By Rutger Bregman,

Why should I read it?

2 authors picked Utopia for Realists as one of their favorite books, and they share why you should read it.

What is this book about?

Universal basic income. A 15-hour workweek. Open borders. Does it sound too good to be true? One of Europe's leading young thinkers shows how we can build an ideal world today.

"A more politically radical Malcolm Gladwell." -- New York Times

After working all day at jobs we often dislike, we buy things we don't need. Rutger Bregman, a Dutch historian, reminds us it needn't be this way -- and in some places it isn't. Rutger Bregman's TED Talk about universal basic income seemed impossibly radical when he delivered it in 2014. A quarter of a million views later, the…


Book cover of The End of War

Robert L. Kelly Why did I love this book?

There is little time to read and so I prefer short, pithy books. In this one, Horgan examines the various theories of war, finding most of them wanting. Reducing inequality, improving food production, and providing security all help reduce violence, but there is, he concludes, no single, magic cure. Instead, we have to work, hard, smart, and tirelessly, to create non-violent means to resolve disputes and punish trespassers. “If we want peace badly enough, we can have it…”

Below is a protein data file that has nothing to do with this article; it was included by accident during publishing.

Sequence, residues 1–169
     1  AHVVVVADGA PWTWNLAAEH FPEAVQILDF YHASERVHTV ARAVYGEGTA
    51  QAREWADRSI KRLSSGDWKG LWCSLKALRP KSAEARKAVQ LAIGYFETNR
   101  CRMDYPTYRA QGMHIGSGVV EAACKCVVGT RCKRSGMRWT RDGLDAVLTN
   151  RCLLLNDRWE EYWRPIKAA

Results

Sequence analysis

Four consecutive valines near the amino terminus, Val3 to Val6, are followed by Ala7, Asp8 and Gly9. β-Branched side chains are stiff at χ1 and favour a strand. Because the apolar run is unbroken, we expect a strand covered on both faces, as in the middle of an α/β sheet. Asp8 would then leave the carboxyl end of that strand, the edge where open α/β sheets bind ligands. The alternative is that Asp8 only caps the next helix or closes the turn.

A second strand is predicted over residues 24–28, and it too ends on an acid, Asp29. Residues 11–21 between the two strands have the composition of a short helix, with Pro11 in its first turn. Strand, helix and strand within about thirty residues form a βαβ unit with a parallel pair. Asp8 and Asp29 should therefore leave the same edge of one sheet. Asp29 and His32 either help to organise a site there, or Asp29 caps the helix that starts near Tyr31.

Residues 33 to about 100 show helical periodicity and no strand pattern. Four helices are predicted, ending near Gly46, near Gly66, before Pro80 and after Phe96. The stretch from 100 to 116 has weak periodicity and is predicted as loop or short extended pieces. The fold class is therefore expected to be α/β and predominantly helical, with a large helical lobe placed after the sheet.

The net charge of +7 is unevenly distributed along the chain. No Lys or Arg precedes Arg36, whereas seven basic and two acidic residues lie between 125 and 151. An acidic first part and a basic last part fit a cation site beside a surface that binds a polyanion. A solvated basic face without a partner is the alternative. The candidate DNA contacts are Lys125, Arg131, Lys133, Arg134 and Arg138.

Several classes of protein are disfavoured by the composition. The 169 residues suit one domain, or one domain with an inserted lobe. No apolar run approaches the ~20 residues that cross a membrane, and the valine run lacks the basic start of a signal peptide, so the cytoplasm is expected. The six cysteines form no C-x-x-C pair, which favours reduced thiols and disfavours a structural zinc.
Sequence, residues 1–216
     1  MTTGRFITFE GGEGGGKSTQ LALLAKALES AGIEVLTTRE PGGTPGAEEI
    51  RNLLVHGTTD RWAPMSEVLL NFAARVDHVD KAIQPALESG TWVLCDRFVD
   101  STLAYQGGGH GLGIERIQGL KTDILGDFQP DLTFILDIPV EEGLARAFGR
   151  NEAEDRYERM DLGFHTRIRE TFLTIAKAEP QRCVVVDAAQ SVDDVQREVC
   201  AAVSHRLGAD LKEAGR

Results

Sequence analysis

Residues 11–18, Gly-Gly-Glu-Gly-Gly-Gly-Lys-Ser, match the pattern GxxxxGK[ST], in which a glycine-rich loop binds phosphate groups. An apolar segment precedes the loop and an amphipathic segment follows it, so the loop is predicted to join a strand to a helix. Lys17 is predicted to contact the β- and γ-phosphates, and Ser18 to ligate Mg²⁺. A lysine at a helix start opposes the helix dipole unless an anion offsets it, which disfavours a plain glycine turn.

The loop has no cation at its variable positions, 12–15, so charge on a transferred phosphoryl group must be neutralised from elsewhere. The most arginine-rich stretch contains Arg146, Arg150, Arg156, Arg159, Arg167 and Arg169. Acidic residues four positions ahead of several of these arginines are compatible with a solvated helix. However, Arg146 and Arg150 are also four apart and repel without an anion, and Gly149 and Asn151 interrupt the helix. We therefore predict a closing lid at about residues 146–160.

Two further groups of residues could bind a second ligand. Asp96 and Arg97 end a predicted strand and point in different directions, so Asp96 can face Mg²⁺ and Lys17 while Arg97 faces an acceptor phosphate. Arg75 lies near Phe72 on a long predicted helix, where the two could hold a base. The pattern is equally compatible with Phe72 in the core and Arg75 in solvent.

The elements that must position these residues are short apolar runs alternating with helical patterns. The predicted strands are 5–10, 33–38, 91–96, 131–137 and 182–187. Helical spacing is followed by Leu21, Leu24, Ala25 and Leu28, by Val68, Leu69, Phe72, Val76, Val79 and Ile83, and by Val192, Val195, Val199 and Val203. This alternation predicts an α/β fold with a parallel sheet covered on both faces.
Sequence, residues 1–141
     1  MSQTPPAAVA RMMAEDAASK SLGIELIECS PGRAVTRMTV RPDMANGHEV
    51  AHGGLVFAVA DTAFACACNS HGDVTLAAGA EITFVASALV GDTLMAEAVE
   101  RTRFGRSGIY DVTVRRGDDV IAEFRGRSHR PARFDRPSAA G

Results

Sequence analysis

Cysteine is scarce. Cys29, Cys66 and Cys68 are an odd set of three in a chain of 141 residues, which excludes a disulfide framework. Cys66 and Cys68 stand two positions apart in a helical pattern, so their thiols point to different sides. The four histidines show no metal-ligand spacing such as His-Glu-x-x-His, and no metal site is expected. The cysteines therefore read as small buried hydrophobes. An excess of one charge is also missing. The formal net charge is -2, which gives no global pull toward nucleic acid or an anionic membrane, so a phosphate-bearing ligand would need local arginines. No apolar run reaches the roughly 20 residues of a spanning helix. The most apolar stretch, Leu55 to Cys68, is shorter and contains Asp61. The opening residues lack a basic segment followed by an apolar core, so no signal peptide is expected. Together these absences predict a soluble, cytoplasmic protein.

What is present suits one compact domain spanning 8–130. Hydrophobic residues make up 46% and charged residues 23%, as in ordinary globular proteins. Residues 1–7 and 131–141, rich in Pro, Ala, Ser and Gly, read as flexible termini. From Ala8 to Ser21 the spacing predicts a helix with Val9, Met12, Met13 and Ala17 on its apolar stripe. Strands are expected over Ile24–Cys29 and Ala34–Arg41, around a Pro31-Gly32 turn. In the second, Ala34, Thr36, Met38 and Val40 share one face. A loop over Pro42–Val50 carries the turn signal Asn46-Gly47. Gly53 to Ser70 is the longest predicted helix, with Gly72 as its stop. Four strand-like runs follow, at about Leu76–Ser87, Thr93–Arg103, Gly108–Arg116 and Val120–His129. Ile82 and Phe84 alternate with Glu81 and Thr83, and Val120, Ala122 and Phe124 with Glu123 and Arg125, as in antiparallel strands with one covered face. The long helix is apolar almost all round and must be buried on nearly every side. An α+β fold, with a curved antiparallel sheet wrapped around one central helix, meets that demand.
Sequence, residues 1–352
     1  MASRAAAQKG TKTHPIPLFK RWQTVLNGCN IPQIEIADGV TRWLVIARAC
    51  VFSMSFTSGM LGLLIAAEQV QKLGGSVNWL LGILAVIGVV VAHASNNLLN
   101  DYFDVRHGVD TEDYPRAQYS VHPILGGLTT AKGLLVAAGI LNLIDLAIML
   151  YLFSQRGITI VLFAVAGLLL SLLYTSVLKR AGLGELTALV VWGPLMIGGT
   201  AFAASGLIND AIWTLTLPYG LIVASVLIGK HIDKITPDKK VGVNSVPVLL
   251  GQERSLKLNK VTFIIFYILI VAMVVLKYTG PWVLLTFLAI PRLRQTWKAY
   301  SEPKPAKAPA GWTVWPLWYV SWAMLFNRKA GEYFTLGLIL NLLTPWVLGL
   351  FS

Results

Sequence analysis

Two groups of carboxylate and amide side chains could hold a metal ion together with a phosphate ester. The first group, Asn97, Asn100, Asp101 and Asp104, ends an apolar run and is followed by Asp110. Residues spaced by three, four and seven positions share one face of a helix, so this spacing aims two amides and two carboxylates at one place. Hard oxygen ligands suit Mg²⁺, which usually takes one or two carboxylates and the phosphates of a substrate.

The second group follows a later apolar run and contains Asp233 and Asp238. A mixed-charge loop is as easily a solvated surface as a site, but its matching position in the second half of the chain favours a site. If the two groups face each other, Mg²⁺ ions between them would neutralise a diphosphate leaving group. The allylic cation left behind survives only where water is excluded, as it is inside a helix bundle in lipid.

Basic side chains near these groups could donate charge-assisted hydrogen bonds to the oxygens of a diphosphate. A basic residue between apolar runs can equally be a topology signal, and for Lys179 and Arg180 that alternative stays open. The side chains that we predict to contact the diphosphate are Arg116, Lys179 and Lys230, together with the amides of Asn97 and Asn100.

By John Horgan,

Why should I read it?

1 author picked The End of War as one of their favorite books, and they share why you should read it.

What is this book about?

War is a fact of human nature. As long as we exist, it exists. That's how the argument goes.

But longtime Scientific American writer John Horgan disagrees. Applying the scientific method to war leads Horgan to a radical conclusion: biologically speaking, we are just as likely to be peaceful as violent. War is not preordained, and furthermore, it should be thought of as a solvable, scientific problem—like curing cancer. But war and cancer differ in at least one crucial way: whereas cancer is a stubborn aspect of nature, war is our creation. It's our choice whether to unmake it or…


Book cover of The Future We Choose: The Stubborn Optimist's Guide to the Climate Crisis

Robert L. Kelly Why did I love this book?

Written by architects of the 2015 Paris Accord, I expected a long, dull, treatise on policy. But I was wrong. Without whitewashing the dangers we face or the short time we have to make the right decision, the authors lay out the devastating consequences of the wrong choice, and the actions we can and must take to stop climate change and make life more enjoyable.